Życie Warszawy - Poland

In a guest commentary Zbigniew Holda, a Krakow-based law professor working with the "Helsinki Foundation for Human Rights" in Poland, is bitterly critical of the calls to reintroduce the death penalty in Poland. "I knew it wouldn't be long before the League of Polish Families started a campaign to reintroduce the death penalty for paedophile offenders. It's probably only taken this long because they were waiting for the right moment – for a spectacular murder to hit the headlines. Thank God nothing like that has happened. The worst thing is that the president and justice minister have also joined the campaign. The reaction was swift: the EU and the Council of Europe have issued warning statements… I congratulate these politicians on their tactfulness, which we have to thank for Poland's increasingly poor international reputation. We're reinforcing the image of Poland as a backwater cut off from Europe's civilised heritage." (05/08/2006)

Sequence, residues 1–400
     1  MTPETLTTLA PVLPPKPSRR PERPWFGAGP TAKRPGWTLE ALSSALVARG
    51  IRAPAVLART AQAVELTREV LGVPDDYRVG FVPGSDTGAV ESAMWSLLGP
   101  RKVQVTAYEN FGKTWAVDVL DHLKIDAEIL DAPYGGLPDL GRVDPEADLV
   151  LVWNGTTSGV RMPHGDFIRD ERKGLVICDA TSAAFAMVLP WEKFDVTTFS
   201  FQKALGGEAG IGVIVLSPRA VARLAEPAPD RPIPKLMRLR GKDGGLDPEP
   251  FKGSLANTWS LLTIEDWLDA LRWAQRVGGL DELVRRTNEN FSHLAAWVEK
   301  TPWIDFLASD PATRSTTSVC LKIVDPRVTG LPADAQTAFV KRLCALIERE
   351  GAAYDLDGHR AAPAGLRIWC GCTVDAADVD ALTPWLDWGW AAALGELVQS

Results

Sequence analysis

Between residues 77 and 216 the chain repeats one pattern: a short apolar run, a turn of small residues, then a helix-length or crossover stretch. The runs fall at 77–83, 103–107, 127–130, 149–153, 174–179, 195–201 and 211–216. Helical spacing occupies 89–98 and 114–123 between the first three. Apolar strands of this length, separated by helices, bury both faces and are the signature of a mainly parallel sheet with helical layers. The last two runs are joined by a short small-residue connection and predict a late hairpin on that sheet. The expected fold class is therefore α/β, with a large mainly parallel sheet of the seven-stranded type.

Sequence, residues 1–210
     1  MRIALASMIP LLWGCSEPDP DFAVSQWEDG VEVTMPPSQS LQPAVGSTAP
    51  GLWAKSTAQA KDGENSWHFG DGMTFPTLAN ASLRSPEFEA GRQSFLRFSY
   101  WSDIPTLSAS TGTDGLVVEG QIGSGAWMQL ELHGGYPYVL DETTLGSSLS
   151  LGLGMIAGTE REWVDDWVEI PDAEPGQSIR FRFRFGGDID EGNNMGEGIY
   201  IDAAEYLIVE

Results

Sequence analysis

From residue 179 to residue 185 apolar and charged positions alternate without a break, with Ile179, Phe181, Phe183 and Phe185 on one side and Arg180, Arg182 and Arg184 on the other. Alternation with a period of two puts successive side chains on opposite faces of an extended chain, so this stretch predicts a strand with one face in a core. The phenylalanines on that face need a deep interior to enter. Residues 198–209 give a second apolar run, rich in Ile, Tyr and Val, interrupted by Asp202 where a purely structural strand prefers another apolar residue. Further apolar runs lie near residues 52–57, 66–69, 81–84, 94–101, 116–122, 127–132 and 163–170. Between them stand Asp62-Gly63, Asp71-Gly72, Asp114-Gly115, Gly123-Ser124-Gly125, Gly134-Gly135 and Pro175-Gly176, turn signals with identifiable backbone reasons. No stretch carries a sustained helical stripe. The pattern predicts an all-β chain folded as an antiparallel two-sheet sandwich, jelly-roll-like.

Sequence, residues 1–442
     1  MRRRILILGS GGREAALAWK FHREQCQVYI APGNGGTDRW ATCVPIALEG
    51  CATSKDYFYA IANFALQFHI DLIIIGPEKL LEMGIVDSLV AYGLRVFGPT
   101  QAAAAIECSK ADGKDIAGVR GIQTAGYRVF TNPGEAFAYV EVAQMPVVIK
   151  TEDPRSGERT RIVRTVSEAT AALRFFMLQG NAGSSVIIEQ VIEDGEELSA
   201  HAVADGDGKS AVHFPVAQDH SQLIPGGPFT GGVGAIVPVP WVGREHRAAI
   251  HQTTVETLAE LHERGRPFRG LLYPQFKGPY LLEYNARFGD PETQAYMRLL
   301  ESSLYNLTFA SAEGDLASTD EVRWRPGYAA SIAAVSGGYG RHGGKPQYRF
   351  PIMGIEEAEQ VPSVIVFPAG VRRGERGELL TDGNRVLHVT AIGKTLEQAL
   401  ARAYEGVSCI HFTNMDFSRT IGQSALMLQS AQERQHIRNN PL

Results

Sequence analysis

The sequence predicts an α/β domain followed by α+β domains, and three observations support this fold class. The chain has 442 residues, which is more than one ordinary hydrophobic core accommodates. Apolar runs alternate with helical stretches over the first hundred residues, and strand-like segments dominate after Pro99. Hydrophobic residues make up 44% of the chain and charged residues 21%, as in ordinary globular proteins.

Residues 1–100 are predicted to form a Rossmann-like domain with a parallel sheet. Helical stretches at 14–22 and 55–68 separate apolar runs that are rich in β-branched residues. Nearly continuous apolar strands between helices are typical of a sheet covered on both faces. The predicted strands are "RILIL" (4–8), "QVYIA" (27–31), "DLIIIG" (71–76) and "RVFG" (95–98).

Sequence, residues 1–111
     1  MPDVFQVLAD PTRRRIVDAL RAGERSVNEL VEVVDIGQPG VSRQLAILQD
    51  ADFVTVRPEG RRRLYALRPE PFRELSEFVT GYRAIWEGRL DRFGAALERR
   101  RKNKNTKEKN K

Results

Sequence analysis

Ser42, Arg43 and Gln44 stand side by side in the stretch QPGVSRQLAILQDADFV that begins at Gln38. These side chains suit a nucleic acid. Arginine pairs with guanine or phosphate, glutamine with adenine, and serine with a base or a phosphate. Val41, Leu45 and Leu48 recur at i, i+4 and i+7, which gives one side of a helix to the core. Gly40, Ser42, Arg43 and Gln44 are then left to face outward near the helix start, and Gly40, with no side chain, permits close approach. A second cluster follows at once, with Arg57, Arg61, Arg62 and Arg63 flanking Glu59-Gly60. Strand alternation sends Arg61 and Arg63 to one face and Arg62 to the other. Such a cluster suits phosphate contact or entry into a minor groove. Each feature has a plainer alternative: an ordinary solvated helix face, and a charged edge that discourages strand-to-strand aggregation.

Berlingske - Denmark

According to the Danish newspaper, Eastern Europe's Right is back the way it was in the pre-communist era: reactionary, nationalistic, frequently anti-Semitic and distrustful of personal freedom and the market economy. The newspaper points to Poland, where it says the increasingly vocal calls for the reintroduction of the death penalty are clear evidence of such an attitude. "The death penalty is an intensely cruel and degrading punishment. It has no place in modern Europe. If President Kaczynski's views really are translated into law, Poland will not only break its ties with good society, it will jeopardise its membership of the EU and the Council of Europe. Despite all its anti-European rhetoric, I don't believe the Polish government will go that far." (07/08/2006)